While it’s true that the BoC could choose to drop its overnight rate instead, its policy rate currently sits at 0.50% and the Bank would not be expected to drop to 0% unless emergency measures were called for. That means that today’s borrowers are looking at a maximum additional variable-rate discount of 0.25%, and even that is open to question. When the BoC dropped its overnight rate by 0.25% twice in 2015, lenders only dropped their prime rates by 0.15% each time. And when the BoC was expected to drop again at its most recent meeting, which it ultimately didn’t, there was widespread speculation that lenders weren’t going to pass on any additional rate discount. As such, I think it is safe to conclude that today’s variable rates do not offer much potential for additional saving.
While it’s true that variable rate penalties can often be lower than their fixed-rate penalty equivalents, at most lenders the IRD penalty only kicks in if your contract rate is materially higher than your lender’s rate that most closely matches the term remaining on your mortgage at your time of discharge. As such, fixed rates would have to fall further from today’s rock bottom levels for you to pay a penalty of more than three months’ interest if you decide to break your mortgage early, unless you opt for a fixed rate with a Big Six Bank, in which case you still get hosed (because their much higher posted rates in your IRD calculation, which I explain in detail in this post).
Lastly, while the oft-quoted study by Dr. Milevsky has produced some very compelling historical results, both fixed and variable rates fell for most of the period from 1950 to 2007, and in a falling rate environment, variable rates will always outperform their fixed-rate equivalents. Our five-year fixed rates probably don’t have much farther to fall over the next five years, with 2.50% as our starting point today, and that severely limits the usefulness of relying on past rate comparisons to predict whether variable rates will prove cheaper than fixed over the next five years (which Dr. Milevsky has readily acknowledged).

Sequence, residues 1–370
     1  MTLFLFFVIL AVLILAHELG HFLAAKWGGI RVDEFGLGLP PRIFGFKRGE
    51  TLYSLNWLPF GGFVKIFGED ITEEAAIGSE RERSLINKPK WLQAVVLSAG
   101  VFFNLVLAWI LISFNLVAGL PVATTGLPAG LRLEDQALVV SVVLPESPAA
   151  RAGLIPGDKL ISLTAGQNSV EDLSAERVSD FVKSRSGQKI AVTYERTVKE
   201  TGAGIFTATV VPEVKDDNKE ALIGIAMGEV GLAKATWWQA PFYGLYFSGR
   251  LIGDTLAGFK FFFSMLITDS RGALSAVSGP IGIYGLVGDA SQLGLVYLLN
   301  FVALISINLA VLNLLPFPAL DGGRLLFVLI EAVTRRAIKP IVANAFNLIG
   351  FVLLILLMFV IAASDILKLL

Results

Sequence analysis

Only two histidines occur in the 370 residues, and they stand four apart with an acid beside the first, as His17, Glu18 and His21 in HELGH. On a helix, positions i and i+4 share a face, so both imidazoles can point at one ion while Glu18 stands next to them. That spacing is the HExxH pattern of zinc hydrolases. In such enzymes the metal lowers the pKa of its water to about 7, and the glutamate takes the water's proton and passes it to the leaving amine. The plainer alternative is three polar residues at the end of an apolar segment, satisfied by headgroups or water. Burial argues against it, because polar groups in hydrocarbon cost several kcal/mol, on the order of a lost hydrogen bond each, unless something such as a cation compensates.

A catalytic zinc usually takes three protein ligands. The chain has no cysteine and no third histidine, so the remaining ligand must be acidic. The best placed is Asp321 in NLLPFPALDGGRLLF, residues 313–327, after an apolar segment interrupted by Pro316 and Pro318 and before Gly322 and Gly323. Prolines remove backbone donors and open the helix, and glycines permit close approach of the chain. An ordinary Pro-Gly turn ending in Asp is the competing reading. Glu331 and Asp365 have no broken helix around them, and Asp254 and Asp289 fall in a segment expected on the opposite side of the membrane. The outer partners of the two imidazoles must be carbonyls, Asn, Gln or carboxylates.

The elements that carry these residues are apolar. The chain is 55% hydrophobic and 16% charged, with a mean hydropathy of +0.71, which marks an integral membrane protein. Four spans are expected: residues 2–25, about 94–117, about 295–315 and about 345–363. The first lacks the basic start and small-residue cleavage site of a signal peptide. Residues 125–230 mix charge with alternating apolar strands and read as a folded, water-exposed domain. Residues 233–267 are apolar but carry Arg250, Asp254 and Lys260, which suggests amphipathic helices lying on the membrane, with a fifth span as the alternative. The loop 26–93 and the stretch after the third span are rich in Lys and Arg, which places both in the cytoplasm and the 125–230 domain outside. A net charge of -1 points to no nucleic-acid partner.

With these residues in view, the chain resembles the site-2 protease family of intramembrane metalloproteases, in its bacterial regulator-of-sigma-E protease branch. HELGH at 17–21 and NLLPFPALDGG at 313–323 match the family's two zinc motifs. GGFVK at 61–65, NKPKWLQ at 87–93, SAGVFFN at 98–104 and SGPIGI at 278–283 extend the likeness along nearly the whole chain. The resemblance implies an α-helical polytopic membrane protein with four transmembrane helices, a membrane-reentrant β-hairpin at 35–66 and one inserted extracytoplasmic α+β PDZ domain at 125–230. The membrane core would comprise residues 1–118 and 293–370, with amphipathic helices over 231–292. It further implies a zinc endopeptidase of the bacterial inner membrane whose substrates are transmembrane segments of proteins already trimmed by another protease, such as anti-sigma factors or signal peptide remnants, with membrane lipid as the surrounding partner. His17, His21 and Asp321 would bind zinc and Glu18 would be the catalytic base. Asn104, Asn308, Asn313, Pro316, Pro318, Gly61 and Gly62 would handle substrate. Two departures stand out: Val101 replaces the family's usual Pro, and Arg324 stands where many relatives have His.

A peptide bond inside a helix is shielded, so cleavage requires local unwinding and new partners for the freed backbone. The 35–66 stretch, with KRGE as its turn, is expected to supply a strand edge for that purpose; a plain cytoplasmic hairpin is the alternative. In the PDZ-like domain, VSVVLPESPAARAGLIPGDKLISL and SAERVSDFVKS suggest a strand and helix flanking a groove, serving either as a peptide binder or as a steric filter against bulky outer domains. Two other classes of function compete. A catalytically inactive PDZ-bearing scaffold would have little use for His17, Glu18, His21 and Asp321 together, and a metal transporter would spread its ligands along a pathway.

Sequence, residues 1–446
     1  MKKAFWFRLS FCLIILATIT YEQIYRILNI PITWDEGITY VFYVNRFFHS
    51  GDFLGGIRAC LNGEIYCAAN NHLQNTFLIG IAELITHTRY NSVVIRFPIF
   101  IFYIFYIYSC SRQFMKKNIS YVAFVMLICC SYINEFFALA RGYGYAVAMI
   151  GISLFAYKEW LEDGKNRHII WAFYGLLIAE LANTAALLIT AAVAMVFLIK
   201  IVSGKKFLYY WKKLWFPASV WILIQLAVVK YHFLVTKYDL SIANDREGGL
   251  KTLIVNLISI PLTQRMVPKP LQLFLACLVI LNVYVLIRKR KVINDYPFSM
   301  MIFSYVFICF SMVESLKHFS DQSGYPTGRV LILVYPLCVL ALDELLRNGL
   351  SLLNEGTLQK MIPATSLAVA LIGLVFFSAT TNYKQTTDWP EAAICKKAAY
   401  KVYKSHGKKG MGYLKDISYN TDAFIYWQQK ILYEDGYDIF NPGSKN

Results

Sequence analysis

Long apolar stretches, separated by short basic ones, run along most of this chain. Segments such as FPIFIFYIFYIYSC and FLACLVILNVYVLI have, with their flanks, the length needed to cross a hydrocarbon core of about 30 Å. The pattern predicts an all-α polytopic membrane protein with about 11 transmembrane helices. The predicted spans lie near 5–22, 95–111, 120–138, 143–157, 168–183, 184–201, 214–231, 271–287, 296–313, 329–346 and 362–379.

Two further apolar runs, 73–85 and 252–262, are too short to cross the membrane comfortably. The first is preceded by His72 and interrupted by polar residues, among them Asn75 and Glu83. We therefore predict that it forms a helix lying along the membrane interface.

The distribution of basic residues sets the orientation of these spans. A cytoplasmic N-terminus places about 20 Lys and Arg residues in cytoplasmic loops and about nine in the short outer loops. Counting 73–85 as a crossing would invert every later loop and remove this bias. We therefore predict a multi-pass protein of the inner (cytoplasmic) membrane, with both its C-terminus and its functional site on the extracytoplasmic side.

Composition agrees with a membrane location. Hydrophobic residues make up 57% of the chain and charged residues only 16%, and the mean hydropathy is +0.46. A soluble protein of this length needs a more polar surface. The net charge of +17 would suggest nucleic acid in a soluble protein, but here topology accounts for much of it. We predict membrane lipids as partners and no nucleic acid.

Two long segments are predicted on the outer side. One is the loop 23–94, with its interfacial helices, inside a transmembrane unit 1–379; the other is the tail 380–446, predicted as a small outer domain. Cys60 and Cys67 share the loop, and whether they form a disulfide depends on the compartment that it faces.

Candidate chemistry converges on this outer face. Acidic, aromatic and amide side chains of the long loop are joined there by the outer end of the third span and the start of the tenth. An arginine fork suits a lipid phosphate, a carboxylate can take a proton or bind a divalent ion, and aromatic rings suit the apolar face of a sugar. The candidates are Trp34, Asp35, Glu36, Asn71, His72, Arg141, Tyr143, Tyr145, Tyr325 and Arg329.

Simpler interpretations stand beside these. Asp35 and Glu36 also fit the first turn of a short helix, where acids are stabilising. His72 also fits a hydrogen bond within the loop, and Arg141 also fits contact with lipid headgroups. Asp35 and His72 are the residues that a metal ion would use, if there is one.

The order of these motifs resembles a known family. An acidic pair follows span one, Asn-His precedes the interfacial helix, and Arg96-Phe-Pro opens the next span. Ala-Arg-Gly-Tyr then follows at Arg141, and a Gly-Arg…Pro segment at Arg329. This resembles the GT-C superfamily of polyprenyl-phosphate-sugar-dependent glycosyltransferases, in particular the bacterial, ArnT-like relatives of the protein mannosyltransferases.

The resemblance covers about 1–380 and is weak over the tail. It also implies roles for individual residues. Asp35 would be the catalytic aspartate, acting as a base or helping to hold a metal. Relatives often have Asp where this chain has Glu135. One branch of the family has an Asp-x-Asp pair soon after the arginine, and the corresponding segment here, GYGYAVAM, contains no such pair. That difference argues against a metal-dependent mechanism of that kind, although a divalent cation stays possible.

So although the fixed-versus-variable trade off looks like a no brainer in favour of the variable-rate option on first pass, upon closer examination I think the balance of probabilities today actually favours the five-year fixed rate for most borrowers. This conclusion isn’t based on a view of where rates may be headed in future, but is instead an assessment of the risks and rewards associated with both options. While you’ll pay a little more for a five-year fixed rate today, this ‘rate-insurance premium’ only costs you about 0.20% and that spread looks dirt cheap when using any historical comparison. In my view, if you can get cheap insurance against financial-market volatility in these uncertain times, I doubt that you’ll kick yourself later for taking it. Think of it in the same way that you think of the fire insurance you buy for your house – you hope you don’t need it, but if you do …
Five-year Government of Canada bond yields rose by eight basis points last week, closing at 0.68% on Friday. Five-year fixed-rate mortgages are available in the 2.44% to 2.64% range, depending on the terms and conditions that are important to you, and five-year fixed-rate pre-approvals are offered at rates as low as 2.79%.
Five-year variable-rate mortgages are available in the prime minus 0.40% to prime minus 0.30% range, which translates into rates of 2.30% to 2.40% using today’s prime rate of 2.70%.
The Bottom Line: The fixed versus variable question is essentially a risk/reward trade off. While variable rates have beaten fixed rates convincingly over the past 50+ years, I think that today’s variable-rate risks outweigh their potential rewards, and that’s why I am recommending fixed-rate options to most of my borrowers in the current environment.